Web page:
9 entrepreneurs share their biggest mistakes—and how they recovered


Recovering from a mistake is all in the way you view it. Are your mistakes an opportunity to improve? Is it a time to beat yourself up? I recently screwed up by taking on a writing job that was outside my niche. I did a bit of both — harped on my stupidity and discovered take-aways from my error.

Small business owners operate on a trial-and-error basis, and mistakes are a part of the process. They don’t always have the benefit of learning from someone before them. The business may be too unique to find guidance from another owner or they may not know what questions to ask to avoid making a mistake.

A few Charlotte business owners and social entrepreneurs shared with me their biggest mistakes, and how they rebounded after the blunder:

Stephanie Nelson, SBN Marketing
“I​ was too open with a brain picker. I answered seemingly innocuous questions about my rates and businesses I’d pitched. Someone took that information and pitched half my rate to folks I’d pitched. I learned to be more closely guarded and keep my business information close to my vest.”

Sarah Baucom, Girl Tribe Co.
“This is really hard for me because our biggest mistake is also what makes us so special. When we started, we did not get a business plan together — we just sort of went for it and listened to the market and the customer for the next year. It was our biggest strength to be able to maneuver when we needed to, but also would have been nice to know where we were going or have a gauge on how we were actually doing. Don’t worry, we’ve got it down now.”

Sarah Baucom

Bentzion Groner, ZABS Place
“The third, fourth, fifth, sixth, and seventh locations [for my company] all failed. Each one due to a significant challenge. Through sheer luck, or I should probably say, divine providence, we found a perfect location in downtown Matthews. Initially, rent was above our budget, but the owners were willing to negotiate, and we settled on a great deal. The thing is, we were THIS close to settling on one of the less desirable locations, but held off an extra couple of days and our current location was discovered.”

ZABS Place

Brad Rhyne, Ole Mason Jar
“Thinking ‘if you build it, they will come.’ It takes a lot more than just a good idea to start a business and execution is actually more important. We learned that the hard way, but it helped us get better at executing and becoming the brand we are today.”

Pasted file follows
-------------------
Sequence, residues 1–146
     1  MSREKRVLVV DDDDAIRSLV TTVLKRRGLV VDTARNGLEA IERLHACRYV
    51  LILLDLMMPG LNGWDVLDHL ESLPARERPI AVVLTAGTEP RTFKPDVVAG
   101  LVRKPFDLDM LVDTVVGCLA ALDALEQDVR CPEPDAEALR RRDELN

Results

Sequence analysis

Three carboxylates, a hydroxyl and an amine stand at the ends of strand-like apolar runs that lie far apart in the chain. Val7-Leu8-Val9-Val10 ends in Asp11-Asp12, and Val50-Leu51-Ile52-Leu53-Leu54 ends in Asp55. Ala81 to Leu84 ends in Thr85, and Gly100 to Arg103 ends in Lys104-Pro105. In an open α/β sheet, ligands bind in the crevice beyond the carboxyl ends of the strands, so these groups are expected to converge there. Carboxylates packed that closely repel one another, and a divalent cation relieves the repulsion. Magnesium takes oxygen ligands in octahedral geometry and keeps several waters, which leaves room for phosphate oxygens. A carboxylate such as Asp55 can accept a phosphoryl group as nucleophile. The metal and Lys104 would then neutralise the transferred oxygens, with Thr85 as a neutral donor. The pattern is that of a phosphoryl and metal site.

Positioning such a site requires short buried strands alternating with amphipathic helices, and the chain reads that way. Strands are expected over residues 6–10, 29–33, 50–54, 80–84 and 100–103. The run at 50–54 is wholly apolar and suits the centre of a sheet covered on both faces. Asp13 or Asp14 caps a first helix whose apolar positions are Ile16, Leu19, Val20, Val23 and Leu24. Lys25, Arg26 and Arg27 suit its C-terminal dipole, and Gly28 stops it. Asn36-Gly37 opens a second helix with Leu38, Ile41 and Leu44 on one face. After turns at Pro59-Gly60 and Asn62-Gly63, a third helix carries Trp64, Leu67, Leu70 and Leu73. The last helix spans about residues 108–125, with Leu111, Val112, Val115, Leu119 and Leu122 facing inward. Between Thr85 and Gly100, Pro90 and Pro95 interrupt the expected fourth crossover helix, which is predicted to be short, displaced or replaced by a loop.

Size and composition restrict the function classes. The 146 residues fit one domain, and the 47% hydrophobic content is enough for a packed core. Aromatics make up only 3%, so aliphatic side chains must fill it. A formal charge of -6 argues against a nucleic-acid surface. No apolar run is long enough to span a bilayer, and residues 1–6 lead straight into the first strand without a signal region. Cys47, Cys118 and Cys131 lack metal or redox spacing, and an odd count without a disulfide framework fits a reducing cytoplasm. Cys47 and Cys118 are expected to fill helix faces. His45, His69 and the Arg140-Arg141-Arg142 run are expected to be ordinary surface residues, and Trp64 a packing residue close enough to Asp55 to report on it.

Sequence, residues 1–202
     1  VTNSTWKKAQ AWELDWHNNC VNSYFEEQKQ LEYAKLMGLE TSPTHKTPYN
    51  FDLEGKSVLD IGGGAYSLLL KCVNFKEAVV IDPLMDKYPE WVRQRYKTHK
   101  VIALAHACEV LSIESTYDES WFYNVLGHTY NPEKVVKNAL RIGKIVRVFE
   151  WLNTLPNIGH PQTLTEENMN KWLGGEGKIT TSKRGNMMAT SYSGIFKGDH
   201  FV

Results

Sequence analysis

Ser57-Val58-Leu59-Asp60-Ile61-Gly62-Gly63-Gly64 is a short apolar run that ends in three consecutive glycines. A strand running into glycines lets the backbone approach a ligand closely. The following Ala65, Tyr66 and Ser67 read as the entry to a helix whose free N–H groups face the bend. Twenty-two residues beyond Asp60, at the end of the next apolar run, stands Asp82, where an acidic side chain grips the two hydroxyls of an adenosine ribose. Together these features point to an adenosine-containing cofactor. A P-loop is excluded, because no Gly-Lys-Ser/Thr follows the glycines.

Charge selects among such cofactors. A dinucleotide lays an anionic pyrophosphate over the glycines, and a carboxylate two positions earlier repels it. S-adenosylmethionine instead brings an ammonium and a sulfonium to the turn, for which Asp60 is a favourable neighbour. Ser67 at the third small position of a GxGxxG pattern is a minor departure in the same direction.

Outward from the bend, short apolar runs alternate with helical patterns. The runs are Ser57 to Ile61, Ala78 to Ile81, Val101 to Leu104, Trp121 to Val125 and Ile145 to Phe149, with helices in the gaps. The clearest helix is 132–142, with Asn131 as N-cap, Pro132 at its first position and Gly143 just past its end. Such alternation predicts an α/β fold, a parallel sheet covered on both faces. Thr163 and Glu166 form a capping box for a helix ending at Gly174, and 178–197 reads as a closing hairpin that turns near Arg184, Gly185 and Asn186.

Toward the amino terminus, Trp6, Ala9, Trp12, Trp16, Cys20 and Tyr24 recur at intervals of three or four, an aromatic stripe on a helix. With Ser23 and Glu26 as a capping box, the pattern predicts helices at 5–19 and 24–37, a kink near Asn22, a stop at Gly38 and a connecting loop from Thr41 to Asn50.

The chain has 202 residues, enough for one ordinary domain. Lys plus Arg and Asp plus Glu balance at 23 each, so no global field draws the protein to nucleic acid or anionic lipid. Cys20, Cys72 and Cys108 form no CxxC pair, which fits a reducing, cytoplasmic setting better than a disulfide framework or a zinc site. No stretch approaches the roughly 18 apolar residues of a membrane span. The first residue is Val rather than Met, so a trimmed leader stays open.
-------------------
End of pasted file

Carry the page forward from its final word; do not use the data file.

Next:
Sam Fleming, 100 Gardens
“The biggest mistake since starting 100 Gardens for me has been waiting too long to follow through. At first, I was a bit naive about how interested people were about wanting to work with us. After leaving meetings, I would take too long to follow up. When you don’t follow-up quickly, you lose opportunities. I didn’t realize that these folks were actually really excited and wanted to develop an aquaponics program.”

Sam Fleming

“In the past two years, I have really focused on leaving meetings with notes in hand; I send those notes to everyone in the meeting. I still have tons of room for improvement on this communication thing, but making sure to actively communicate has been totally necessary.”

Khalia Braswell, INTech Camp for Girls
“My biggest mistake was starting INTech as an LLC, instead of a nonprofit. This limited our organization in applying for funding and caused our early donors to not be able to write off their contribution. As a result, I was able to make the LLC a consulting arm and funnel a percentage of the profits to the nonprofit, which ended up being a win!”

Lerone Langston, Tie-My-Knot
“The biggest mistake we have made in business is not utilizing social media to the fullest.  We are working on including Facebook ads, Instagram ads, understanding buzzwords, and hashtags to increase followers.”

Mary Deissler, Charlotte Symphony
“More students want to participate in Project Harmony than we anticipated, and we have a waiting list. We need to be able to scale up more quickly!”

Children participating in Project Harmony. Its goal: “Social transformation through music, expanding the Charlotte Symphony’s Winterfield Youth Orchestra program to foster life skill development and personal empowerment opportunities to Charlotte’s underserved neighborhoods.”

Kiri Longa and Nicole L. Vieira, The Daily Details
​”We underestimated the construction process and the time it requires to build out a brand-new space.  ​The coordination needed between us as business owners, contractors, and inspectors is like a full-time job in project management — on top of running the actual business itself.”

Photos: Tia Wackerhagen, ZABS Place, Vanessa Infanzon, Pexels, Julia Faye


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